Bought some recordings of animal cries from Mongolian radio. The Mongolians can talk to the animals because they can sing like the animals. They can make camels cry (really big tears) by singing a special tune. This melody calms a She-camel in order to allow her to accept a baby orphan camel to feed from her! Such are the mysteries of one of the last nomadic nations in the world. Everything is up for grabs if you have the dollars ready. I bought another morin khuur from Altan Tsog. He plays for the state ensemble and back in his changing rooms I heard him play this two‑string instrument like he was a horse himself. The strings are made from the tail hair of the tough Mongolian mount and its origin goes back to the times of the Böö (Shaman). We celebrate my new acquisition by having a pint of German beer in a neon lit Turkish bar that used to be a cinema. The cinema now shows porno movies and shares it premises with a bingo hall and a money exchange market!

 


The Chingis Khan Hotel was, the venue for a symposium on all things Mongolian. I met Jargalsuren, the elder statesman of Mongolian Pop/Rock. He was the lead singer of the perennial group Chingis Khan and had just delivered a paper about the subject. You should be able to get his book about Mongolian Pop/Rock music in you local Mongolian bookstore right about now. I ask him if he wants to play in a benefit gig for Buddhism in Mongolia. He would love but will be in Singapore touring, however he said that we could borrow his P. A.

 

Met a Danish ethnomusicologist at the conference. He said he would get me an instrument that the reindeer people (Tsaatan) from the north play. It is a wind instrument made from the bark of a tree that you suck into to imitate the sound of a reindeer! Where are you now John Zorn.

 

Alma, beautiful Alma, whose “liquid silver” voice sings khöömii (I know of only two other woman khöömii singers in the world) is sitting in our flat. Alma is somewhat of an enigma, she is married to a monk but we never see him and much the same for her three kids. She taught herself khöömii but keeps it all quite secret. However she has a character that is a large as her bulk and can sing all kinds of tunes from lullabies to long songs. She comes from the Central Gobi (desert) region and it is to here where we start our journey to the countryside.

 

      We were looking for places that connect sound with the landscape and passed through, Ikh Gazryn Chuluu (Big stone land/garden) and Baga (Little) Gazryn Chuluu. The legend that says that when the wind is strong enough you can hear the sound of a

thousand flutes emanating from the rocks. If they can be heard from an old monastery about 50kms away then it would be portent of bad news. We travelled for six weeks on terrible track roads in our Russian built jeep meeting the nomads, staying in their gers exchanging our songs for theirs. My khöömii went down very well, as did the didgeridoo, Purcell and Berio of my travelling companions. We were looking for Duut Uul (Sound Mountain), from where stone instruments that sounded like Tibetan singing bowls were meant to come from. We found (sound lake) instead. The lake's still waters reflected the snow‑capped Altai Mountains. Only the sound of the wings of a flock of waterfowl disturbed the eerie silence.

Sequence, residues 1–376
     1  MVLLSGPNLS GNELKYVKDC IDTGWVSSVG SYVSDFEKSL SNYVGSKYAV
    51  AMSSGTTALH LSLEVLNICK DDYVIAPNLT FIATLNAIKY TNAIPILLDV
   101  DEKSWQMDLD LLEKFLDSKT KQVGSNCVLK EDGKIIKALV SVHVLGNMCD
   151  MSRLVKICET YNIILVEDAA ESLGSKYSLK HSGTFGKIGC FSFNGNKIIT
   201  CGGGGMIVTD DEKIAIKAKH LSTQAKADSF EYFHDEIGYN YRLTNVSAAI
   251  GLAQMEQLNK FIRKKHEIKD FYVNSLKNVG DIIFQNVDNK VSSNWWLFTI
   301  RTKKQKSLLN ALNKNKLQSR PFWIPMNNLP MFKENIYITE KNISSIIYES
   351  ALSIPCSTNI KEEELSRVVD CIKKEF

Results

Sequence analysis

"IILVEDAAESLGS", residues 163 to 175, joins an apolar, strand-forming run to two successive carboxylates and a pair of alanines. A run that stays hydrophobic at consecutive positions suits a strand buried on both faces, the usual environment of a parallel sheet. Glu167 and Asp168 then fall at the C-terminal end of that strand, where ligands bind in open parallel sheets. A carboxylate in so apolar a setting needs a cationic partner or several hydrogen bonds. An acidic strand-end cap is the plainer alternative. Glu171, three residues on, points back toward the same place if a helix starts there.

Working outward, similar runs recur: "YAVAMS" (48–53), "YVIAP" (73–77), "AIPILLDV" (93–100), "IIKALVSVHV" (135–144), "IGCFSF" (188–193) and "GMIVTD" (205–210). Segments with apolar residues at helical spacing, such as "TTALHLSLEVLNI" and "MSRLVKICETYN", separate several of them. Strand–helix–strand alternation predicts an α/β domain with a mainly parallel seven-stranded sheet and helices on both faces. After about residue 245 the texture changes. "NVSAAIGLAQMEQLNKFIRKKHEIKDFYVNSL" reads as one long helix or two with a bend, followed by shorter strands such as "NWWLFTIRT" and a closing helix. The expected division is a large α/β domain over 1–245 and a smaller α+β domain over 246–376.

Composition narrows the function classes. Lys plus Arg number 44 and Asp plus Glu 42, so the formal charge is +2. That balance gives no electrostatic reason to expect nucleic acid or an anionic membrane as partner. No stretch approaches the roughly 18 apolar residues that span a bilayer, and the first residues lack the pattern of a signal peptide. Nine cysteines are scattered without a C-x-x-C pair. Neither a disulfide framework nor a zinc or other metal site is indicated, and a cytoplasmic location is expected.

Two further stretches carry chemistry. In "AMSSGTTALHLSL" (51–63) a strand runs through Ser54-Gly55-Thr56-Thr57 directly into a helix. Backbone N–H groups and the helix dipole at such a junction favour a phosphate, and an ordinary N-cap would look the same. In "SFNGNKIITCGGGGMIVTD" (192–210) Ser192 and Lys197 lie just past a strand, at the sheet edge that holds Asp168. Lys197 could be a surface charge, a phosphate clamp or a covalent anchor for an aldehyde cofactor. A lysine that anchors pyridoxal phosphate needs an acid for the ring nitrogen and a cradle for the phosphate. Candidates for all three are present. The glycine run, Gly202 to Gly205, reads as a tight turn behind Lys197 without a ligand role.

Travelling onwards we reached the homeland of khöömii, Chandman' Sum. I met up with Tserendaava my khöömii teacher of four years ago. We went to a Mongolian wedding and sung, ate and drank from eight in the morning to six at night. Tserendaava took us to a cliff that faced Har Nuur (Black Lake) and listening to the waves lapping on the lake side reminded me of the story of the origin of khöömii he told me four years ago. The sound of wind on the threes lakes was echoed in the Jargalant Altai mountains for anything up to three days and then sounded to the people of the Chandman’ plain below.

 

We were blessed by Zunbaatar a Yeröölch (Wish prayer or Blesser), attended a hair cutting ritual, we ate wild deer cooked by hot rocks and in Khovd. City met Gombajavdd the amazing knife and spectacle arm flute player!!! . Gombajavd plays the Tsuur a vertical end blown flute that is made from the root of a special tree that grows in the Altai Mountains. He learnt from his father Narantsogt, the most famous Tsuurich. The technique of playing the Tsuur allowed Gombajayd to sound the smallest edge like a flute. You have to see it to believe it! The next day he was off to Korea to do a gig.


 

Back in Ulaanbaatar we were to appear on Radio 102.5 fm to sing one of the songs we composed during the journey. Sadly the recording equipment had broken down on the day we were meant to record so instead we gave a farewell party in a monastery ger.

Ganbold and his brother Gereltsogt another great khöömii singer came. We sung khöömii together and played a “Ndiznee Americ Magtaal” (throat singing blues) to say goodbye to the hospitable people from a land of extremes. They say nothing goes on in Mongolia ....

 

Michael Ormiston 1997

 

If you have any comments or questions regarding this article please email at ormi_khoomii@yahoo.com

 

Return to the Mongolian Journeys main page